Background: Unpredictability and “lack of sameness” are frequently stressful for children with ASC. However, work with the ECHOES virtual environment suggests that novel and surprising aspects (i.e. discrepancies) can be experienced as interesting, positive motivators of communication when present in a technology alongside substantial sameness. ECHOES deliberately included novelty (e.g. new digital objects), however, intermittent software errors also caused unintentional surprises, such as the character making “mistakes” in an activity he had previously demonstrated correctly. Children were observed to frequently and spontaneously initiate to social partners about these discrepancies (Alcorn, Pain, & Good, 2013). Subsequent qualitative and quantitative analyses of child-ECHOES interactions, combined with “lessons learned” from school studies, have identified characteristics that may have allowed discrepancies to be perceived as motivating but still emotionally manageable. These have been formulated as six high-level principles intended to support transfer of “motivating but manageable” discrepancies to new designs: establishing and maintaining integrity of the environment and activities, ensuring flexibility and resolvability of child-system interactions, and offering wide variety of discrepancies at an appropriate frequency. These should pose ambiguous opportunities for communication, rather than demanding specific behaviours or communicative forms. Objectives: To reproduce the phenomenon of discrepancies as positive communicative motivators for young children with ASC, in a new interactive technology. Methods: Transfer lessons learned from ECHOES to the design of three new touch-screen games, guided by the high-level principles for incorporating discrepancies. Results: Games draw upon the original ECHOES “Magic Garden” setting, cause-and-effect play, and exploratory, non-competitive format (originally developed with extensive stakeholder input). One involves sorting apples by colour; two centre on growing flowers or vegetables by shaking a magic cloud. Each has a “baseline” and a “discrepant” version. The main source of novelty is the child initially encountering digital objects and forming expectations about their behaviours. After baseline versions are familiar, additional objects and properties are introduced in discrepant versions. Surprises include altered object appearances, sound effects, and timings between events. The character also makes occasional “mistakes” with his actions and utterances. These things are expected to interest children and pose opportunities for them to spontaneously initiate communication for a range of goals (e.g. share information or affect, ask question, request), and using any behaviours (e.g. speech, gestures, gaze). Conclusions: Three games were successfully developed, embodying principles thought to effectively motivate spontaneous communication using discrepant aspects. This process has highlighted that designing “motivating but manageable” games requires concurrently designing how they will be used. For example, the integrity principle determined the need for baseline versions which children should play multiple times in order to develop clear expectations―a pre-requisite for violating expectations later (i.e. surprises). Establishing sufficient “sameness” to counterbalance discrepancies will always partly rely on variables outside the game itself, including the physical environment, social partner actions, and the frequency and duration of game play. The principles must be realised collectively in the technology and its context. Preliminary results will soon be available from games testing with children, as the first step in gauging their success at motivating communications.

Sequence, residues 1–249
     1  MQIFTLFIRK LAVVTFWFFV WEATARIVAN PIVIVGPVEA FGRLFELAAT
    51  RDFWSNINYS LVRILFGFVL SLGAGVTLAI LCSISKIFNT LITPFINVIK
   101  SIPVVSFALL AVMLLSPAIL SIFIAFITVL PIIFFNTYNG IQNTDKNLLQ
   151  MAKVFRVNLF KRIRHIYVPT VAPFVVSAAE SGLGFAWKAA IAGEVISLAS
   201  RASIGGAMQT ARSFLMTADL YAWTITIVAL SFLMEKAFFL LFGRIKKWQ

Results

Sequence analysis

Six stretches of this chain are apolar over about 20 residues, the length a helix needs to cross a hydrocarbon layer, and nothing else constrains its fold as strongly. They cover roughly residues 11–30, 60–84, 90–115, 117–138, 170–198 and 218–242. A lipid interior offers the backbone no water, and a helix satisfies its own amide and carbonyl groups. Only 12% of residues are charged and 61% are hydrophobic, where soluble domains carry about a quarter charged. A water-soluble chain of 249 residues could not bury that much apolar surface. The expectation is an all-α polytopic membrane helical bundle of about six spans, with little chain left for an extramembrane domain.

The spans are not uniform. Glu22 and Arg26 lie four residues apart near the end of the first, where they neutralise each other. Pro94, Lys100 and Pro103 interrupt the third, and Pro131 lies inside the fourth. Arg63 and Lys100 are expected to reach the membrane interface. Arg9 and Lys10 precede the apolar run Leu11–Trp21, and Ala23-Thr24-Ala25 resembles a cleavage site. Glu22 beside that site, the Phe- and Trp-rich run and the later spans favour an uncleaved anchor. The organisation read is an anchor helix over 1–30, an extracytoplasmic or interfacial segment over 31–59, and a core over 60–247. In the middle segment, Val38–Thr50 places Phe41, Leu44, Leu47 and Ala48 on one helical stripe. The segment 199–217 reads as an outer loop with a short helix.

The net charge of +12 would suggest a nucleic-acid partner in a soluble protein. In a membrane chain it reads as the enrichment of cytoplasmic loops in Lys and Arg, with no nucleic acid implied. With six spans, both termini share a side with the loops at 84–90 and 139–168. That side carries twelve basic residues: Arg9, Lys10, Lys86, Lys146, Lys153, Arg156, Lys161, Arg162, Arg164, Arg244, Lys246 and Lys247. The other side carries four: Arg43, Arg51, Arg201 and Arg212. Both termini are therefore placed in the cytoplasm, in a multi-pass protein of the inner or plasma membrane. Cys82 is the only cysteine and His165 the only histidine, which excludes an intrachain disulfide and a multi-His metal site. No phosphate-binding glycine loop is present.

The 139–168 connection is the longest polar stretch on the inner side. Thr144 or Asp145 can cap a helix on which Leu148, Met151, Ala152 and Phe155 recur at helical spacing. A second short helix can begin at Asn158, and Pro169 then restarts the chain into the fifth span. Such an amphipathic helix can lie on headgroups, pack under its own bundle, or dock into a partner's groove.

|Publication status||Published - May 2015|
|Event||International Meeting for Autism Research - Salt Lake City, United States|
Duration: 13 May 2015 → 16 May 2015
|Conference||International Meeting for Autism Research|
|City||Salt Lake City|
|Period||13/05/15 → 16/05/15|